Last week’s Stock Exchange was about the need for focus and discipline in your trading. Even with the help of systems and models, the human trader needs to maintain confidence. The inevitable rough patches present a challenge.
This week I turn to a very common trading problem – finding fresh ideas. Sometimes the muse does not appear. In a recent WTWA I used the trading section to highlight a great exchange between Brett Steenbarger and Adam H. Grimes. Both are worth checking out for ideas about getting ideas.
Another effective approach is a screen based upon important fundamental criteria. Marc Gerstein is a leader in developing and using these tools. A recent column about a screen on for “Trump stocks” provides an interesting example.
The discussion led me back to the rule-based approach of the Turtles, a famously successful group of rookie traders trained by Richard Dennis. Most of the rules still make great sense. While secret for many years, they are now in the public domain. This method had very specific rules for entering new positions. The trader did not “reach,” but instead waited for the market to provide opportunities.
Sometimes there are not any attractive trades. Does this have meaning for our models? Let’s start with a look at their current ideas, and wrap up with a conclusion on today’s theme.
I have offered a new (free) service to subscribers to our Felix/Oscar update list. You can suggest three favorite stocks and sectors. We will report regularly on the “favorite fifteen” in each category– stocks and sectors—as determined by readers. Sign up with email to “etf at newarc dot com”. Suggestions and comments are welcome. In the tables below, green is a “buy,” yellow a “hold,” and red a “sell.” Each category represents about 1/3 of the underlying universe. Please remember that these are responses to reader requests, not necessarily stocks and sectors that we own. Sign up now to vote your favorite stock or sector onto the list!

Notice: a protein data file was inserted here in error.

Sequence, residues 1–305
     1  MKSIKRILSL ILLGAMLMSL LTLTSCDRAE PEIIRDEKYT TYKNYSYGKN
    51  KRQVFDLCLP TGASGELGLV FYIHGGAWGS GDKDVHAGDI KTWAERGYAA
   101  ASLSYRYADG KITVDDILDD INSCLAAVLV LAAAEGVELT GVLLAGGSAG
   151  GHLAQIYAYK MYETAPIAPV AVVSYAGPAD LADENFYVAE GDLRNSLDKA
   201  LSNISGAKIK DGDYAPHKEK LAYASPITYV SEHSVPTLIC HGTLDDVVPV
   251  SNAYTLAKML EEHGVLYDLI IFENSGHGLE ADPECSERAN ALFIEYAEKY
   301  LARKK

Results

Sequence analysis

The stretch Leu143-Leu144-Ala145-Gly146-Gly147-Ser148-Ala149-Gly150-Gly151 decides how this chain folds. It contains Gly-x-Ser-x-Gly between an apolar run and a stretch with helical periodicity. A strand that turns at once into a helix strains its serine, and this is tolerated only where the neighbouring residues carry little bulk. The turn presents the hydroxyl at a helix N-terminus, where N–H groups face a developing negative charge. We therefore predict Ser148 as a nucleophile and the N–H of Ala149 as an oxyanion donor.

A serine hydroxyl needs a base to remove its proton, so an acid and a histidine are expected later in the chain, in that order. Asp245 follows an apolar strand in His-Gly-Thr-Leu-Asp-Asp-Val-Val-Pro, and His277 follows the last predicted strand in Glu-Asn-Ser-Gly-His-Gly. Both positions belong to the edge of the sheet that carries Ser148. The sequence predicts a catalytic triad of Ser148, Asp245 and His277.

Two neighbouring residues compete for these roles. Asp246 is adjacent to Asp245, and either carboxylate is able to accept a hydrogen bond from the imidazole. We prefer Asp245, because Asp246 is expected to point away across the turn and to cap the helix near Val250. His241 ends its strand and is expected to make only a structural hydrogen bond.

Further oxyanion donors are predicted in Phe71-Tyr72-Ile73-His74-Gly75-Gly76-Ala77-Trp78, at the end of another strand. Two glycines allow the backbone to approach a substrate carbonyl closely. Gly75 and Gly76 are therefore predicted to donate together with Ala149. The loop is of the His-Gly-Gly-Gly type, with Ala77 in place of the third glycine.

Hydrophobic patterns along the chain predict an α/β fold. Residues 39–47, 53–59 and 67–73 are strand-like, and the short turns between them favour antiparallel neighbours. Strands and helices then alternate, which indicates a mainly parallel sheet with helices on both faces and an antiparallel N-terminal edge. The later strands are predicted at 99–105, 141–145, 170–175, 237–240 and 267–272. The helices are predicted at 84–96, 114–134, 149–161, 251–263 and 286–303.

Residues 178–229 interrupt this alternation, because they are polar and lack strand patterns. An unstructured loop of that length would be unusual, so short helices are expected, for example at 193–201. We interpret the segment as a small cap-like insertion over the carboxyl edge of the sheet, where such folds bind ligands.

This Week – Finding Fresh Trading Ideas
By now you probably know that I love great stocks that have broken down and look to be bottoming. This week my pick is Palo Alto Networks (PANW). I love big down moves, followed by directionless ups and downs…this represents (to me) distribution from weaker hands to stronger hands. These types of moves have nicely defined risk/reward ratios. In this case, 120 is my sell stop, while I’m look for a short term rebound to 140, with possible more room to move back towards the 160 level.
J: Do you think this stock is more attractive because of the Russian cyberattacks?
H: I understand cyberattacks, but who is Russia?
J: I know, I know. You do not read news; you just look at charts. But you might be onto something here. The company is an aggressive choice and reasonable based earnings growth. You must be willing to ignore the short history and lack of a dividend. Chuck Carnevale’s F.A.S.T. Graph provides this information.
H: My choices do fine whether or not they have earnings growth. As for dividends, I will not own it long enough to worry about that.
J: It is another interesting example of how different methods can arrive at the same conclusion. Do you have a shortage of new ideas?